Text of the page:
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New York
Stern Auditorium, Carnegie Hall
12/15/2009 -  
Maurice Ravel: Pavane pour une Infante défunte – Miroirs
Johannes Brahms: Sonata No. 3 in F Minor, Opus 5

Jean-Yves Thibaudet (Piano)

J.-Y. Thibaudet (© Kasskara/Decca)

Two nights ago, the young Croatian pianist Martina Filjak attempted the third movement of Ravel’s Miroirs, and we all felt delighted that she performed so nicely. Last night, Jean-Yves Thibaudet, born to the music, mature, and one of the superb pianists of our time, also performed “Une barque sur l’océan”, but the effect was not delight in the pianist. It was the scent of the ocean, the spray of the waves, the image of the tiny craft in the turmoil of the water. In fact, it was the image created by the composer.

Of course, one should not compare M. Thibaudet to another pianist, for he is unique. In the first of two composers played last night, he let the music speak for itself. Ravel once said (amongst many contradictory statements) that his music spoke for itself, and nothing need be added. In a way, this was M. Thibaudet’s attitude. The beginning Pavane started with great delicacy but almost dry: not a whisper of metrical change, not a nuance of color. Yet as he continued, the ornaments were slowly added, lightly put down like an extra rose in a Medieval painting or a leaf fluttering from a faraway tree. By the end, one was drawn in, almost organically, to the ancient century and the ancient dance.

But nothing could be dry in the Miroirs. The finest pianists–Gieseking, Argerich, Perlemuter–have the innate sensitivity to master the works. Others, like Casadesus and Thibaudet, are born for Ravel. In fact, one of Thibaudet’s teachers had been a friend of Ravel’s, so his is a physical linkage.

Yet the first movement “Moths” seemed, despite the exquisite technique, almost laid-back, almost as if he was letting the notes soar about for themselves. M. Thibaudet decided to stand outside, and watch the insects fly by themselves. With his “Oiseaux tristes”, the pianist had a greater challenge. Like a prelude to Messiaen, Maurice Ravel presented a slow picture of “sad birds” (unnamed here, though Messiaen would have titled each one!), and the pianist went to lengths to color each avian flourish against a two-note figuration. The “Boat on the Ocean”, as related above, was almost a literal maritime image. And in the most famous of the five pieces, the “Morning Serenade of the Jester”, M. Thibaudet suddenly became Spanish: never percussive, certainly never blustering as is to often done, but accenting those Spanish rhythms with razor-sharp precision.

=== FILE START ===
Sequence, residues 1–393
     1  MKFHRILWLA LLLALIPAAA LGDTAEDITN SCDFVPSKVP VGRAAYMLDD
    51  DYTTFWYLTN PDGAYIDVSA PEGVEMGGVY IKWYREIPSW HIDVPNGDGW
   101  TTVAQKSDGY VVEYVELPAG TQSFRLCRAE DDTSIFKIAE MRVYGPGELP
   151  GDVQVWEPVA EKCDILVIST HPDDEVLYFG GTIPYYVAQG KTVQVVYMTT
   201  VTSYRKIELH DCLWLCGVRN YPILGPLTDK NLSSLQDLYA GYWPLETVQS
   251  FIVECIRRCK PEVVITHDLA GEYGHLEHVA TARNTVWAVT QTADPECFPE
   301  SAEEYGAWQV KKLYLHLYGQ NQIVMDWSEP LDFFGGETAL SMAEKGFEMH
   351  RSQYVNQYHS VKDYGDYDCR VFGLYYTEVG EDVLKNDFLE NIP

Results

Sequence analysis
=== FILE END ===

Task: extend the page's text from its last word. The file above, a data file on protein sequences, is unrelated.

The final “Valley of the Bells” is too personal. It brought me back to a midnight sojourn on a 500-foot-high Burmese hill at midnight, where the only lights across the forest were candles from the temples, and the only sounds were faraway temple bells of all tones and dimensions. (The bells are supposed to ring on the hour, but since time is relative in Burma, the sounds are seamless.) M. Thibaudet did the impossible: the infinite bells had different colors, different tones, different reverberations…….This was a Burmese jungle revery.

Of course the pianist could have continued with Ravel for the whole night, but he switched gear for the fiery Brahms Third Sonata. We have all heard it played, with the bookend movements like display pieces (accentuating the Beethoven homages). M. Thibaudet started with a too fiery introduction (where the hell did he hide those falling 32nd notes?), but came back to his inborn poetry just in time for the wondrous slow movement and its great climax. And yes, the finale sometimes whizzed along, but the chordal theme restrained him.

For an encore, he returned to Brahms, but the A Major Intermezzo was like his most poetic Ravel: understated, limpid, and hushed.

Harry Rolnick



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